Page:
Sirota drew some fire from DLC folks after the election for a piece he wrote arguing that the version of “centrism” they promote is well to the right of the average American and thus not only morally but also electorally bankrupt. I’m even less interested now than I was then in trying to evaluate the claims and counter-claims which flew in the wake of the article about which politicians, or talking points have or haven’t gotten gotten the DLC’s approval at what times. As I said at the time, if the DLC wants on board with Elliot Spitzer’s prosecutions of CEOs or Howard Dean’s condemnations of GOP corruption, the more the merrier. We need all hands on deck, and the work is too important to let historical differences avert cooperation where there’s consensus.
About those historical differences though: There’s a constellation of consultants who see class-conscious economic populism as roughly equivalent to racism, see “big government” as a menace to be tamed by technocrats irregardless of the will of the governed, and see the salvation of the Democratic party in policies which fulfill CEOs’ wishlists in the name of liberating their employees. And they have exerted massive, and unfortunate, influence over the direction of the Democratic party over the two decades since their founding, particularly the eight years of the Clinton Presidency. At least for those years, the major proponents of that “business-friendly,” “free-trading” ideological position with the Democratic party, as they themselves would tell you, were the Democratic Leadership Council as an organization and its affiliated thinkers. As Thomas Frank in What’s the Matter With Kansas?, Thomas Geoghegan in Which Side Are You On?, and even self-described “radical centrist” Michael Lind in Up From Conservatism (on DLC: “an echo, not a choice”) demonstrate, the consequences included ceding the support of all too many working class voters and the control of the US Congress.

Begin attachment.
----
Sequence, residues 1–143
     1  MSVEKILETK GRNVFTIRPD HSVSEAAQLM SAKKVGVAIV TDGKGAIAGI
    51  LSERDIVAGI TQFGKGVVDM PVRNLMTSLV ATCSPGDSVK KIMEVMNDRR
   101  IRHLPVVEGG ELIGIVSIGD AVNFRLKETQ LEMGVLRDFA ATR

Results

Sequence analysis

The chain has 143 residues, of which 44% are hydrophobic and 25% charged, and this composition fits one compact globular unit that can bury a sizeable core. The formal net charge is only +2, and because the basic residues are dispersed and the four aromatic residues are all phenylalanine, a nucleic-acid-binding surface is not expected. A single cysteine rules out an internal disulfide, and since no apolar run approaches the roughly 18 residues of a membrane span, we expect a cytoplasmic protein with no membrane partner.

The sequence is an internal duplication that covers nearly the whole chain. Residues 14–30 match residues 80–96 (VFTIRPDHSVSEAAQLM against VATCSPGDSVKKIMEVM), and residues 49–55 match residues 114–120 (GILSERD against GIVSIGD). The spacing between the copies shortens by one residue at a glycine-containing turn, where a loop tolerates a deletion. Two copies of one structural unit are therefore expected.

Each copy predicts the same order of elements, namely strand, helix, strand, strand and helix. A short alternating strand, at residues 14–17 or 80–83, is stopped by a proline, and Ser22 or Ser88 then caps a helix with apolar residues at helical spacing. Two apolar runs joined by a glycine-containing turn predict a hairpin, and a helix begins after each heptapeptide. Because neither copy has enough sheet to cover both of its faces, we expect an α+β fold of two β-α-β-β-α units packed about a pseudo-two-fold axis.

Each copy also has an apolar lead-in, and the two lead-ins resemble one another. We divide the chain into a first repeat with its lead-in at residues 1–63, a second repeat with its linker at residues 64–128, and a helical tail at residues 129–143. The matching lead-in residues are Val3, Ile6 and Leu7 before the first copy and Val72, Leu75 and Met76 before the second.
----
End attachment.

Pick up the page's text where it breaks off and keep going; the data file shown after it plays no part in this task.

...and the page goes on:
I’d be the first to acknowledge that there’s a tendency amongst some of us on the left to throw around the term “DLC” liberally (so to speak) in reference to an ideological position we disagree with rather than to the organization itself, at times even in describing policies the DLC, as an existent think tank and not a symbolic construction, may not fully support (they were indeed in favor of weakening class action lawsuits, but I’m still waiting to know what they make of Bush’s bankruptcy bill). I’d like nothing more than to be convinced never to use the acronym that way again – it’s not hard to come up with other epithets for Democrats who vote for Corporate America’s interests over everyone else’s. But there’s a reason that so many of us associate the DLC, judiciously or not, with corporate courtship and not with, say, crusades against corruption. It’s epitomized, sadly, by the choice to come out swinging for a trade agreement even “dogmatic free trader” Matt Yglesias recognizes as “an effort to impose low labor standards and a misguided intellectual property regime on Central American nations.”